Home / Health and Science / ‘Girl, I Don’t Know What Happened Last Night,’ Or Why Alachua County’s STD Rate Is High

‘Girl, I Don’t Know What Happened Last Night,’ Or Why Alachua County’s STD Rate Is High


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Alachua County is ranked fourth highest in the state for STDs with 8,452 reported cases since 2008, according to the Florida Department of Health.

During the past five years, 75 percent of new cases of chlamydia and gonorrhea in Alachua County were reported among people between the ages of 15 and 24.

Bobby Davis, HIV and AIDs coordinator for the Alachua County Department of Health, said being in an area with such a large amount of young people and a major university is only part of the problem for Alachua County.

“It’s the prime sexually active reproductive years. That’s when people look the best, that’s when they have their sex,” he said.

Davis said the dangers of STDs are real and compared them to cigarette smoking and driving without a seat belt.

When an STD infection does happen, he added, some people don’t even know.

“A lot of the sexually transmitted diseases don’t have symptoms so they don’t think they’re infected,” Davis said.

He said there are many reasons why a high school student, in particular, might be hesitant to get tested for STDs, such as social stigma, transportation or parents finding out their kids are sexually active.

The health department is working closely with the Alachua County school system on a number of projects to inform people about these diseases, Davis said. One program is the Peer Advocates for Unified Services in Education, or PAUSE.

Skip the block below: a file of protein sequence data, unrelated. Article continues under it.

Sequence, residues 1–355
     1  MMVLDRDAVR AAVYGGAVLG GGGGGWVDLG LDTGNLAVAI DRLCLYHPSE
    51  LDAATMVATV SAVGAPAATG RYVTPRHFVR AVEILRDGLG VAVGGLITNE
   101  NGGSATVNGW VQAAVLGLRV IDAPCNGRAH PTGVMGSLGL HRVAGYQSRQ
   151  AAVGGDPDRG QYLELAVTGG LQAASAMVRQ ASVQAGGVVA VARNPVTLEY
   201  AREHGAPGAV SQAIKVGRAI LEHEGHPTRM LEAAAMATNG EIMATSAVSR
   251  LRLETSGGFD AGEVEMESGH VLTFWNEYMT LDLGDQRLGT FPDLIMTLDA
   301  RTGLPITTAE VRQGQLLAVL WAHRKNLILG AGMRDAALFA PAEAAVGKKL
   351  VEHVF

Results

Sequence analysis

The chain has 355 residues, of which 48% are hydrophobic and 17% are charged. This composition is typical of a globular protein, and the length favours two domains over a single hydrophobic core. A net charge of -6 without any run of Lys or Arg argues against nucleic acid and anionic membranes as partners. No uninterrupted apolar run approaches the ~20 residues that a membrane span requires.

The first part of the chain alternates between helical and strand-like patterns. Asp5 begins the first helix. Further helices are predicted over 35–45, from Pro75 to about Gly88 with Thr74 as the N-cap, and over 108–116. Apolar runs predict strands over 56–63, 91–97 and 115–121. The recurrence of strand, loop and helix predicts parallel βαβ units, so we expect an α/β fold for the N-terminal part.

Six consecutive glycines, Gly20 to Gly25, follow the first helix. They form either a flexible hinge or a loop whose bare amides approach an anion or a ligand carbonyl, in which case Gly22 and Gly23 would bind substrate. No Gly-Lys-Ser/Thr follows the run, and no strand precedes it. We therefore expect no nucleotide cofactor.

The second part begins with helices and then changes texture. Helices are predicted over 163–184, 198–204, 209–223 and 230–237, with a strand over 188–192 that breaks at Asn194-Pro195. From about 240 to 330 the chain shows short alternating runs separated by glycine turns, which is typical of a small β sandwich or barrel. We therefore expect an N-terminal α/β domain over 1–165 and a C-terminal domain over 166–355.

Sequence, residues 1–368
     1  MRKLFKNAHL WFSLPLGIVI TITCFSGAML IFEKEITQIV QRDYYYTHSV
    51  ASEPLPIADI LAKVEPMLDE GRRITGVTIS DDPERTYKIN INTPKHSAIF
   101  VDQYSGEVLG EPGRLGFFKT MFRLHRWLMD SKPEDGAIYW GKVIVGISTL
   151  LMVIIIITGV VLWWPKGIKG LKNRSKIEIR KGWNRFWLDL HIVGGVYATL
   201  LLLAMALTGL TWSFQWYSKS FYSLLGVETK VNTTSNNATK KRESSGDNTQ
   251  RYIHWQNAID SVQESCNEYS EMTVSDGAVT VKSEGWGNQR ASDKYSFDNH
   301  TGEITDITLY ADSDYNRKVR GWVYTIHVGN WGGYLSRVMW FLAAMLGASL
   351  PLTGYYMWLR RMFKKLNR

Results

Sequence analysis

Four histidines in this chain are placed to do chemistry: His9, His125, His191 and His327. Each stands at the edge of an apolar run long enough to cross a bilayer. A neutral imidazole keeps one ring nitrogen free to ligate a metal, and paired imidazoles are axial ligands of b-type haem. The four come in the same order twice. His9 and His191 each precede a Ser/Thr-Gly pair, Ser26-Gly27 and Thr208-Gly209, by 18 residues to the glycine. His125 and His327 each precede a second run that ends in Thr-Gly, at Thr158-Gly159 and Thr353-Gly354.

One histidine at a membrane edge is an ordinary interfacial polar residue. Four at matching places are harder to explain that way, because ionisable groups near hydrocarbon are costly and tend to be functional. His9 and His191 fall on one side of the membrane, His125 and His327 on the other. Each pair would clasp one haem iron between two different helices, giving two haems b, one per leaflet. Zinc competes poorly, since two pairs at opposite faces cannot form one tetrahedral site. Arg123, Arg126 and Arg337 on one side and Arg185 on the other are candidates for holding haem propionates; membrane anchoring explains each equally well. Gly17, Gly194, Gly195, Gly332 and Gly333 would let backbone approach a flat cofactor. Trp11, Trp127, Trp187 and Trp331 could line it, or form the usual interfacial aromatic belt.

PAUSE trains peer advocates to provide current information and community resources about issues such as domestic violence, drug and alcohol abuse and other health topics.

“We do know that some teenagers — most teenagers — get their health information from their peers,” Davis said, “so they’ll go to them and say, ‘Girl, I don’t know what happened last night, we ended up having sex, I think I might have an STD, where do I go?'”

He said these advocates are trained to advise friends to head down to the health department.

The Job Corps of Gainesville now implements monthly STD training, and Unity Temple in Williston is teaching abstinence and comprehensive education at Eastside and Lincoln High School.

There are also presentations at University of Florida dorms and throughout the community.

Catherine Seemann, communications coordinator at UF’s Student Health Care Center, encourages young people to seek out all available resources.

“It may be awkward, it may be weird, it might even be offensive for you on a face level, but really everything that our medical providers are asking and doing ultimately is to help you,” Seemann said.

Alachua County STD Consultation group will meet at 5:30 p.m. on Wednesday at the Alachua County Health Department.

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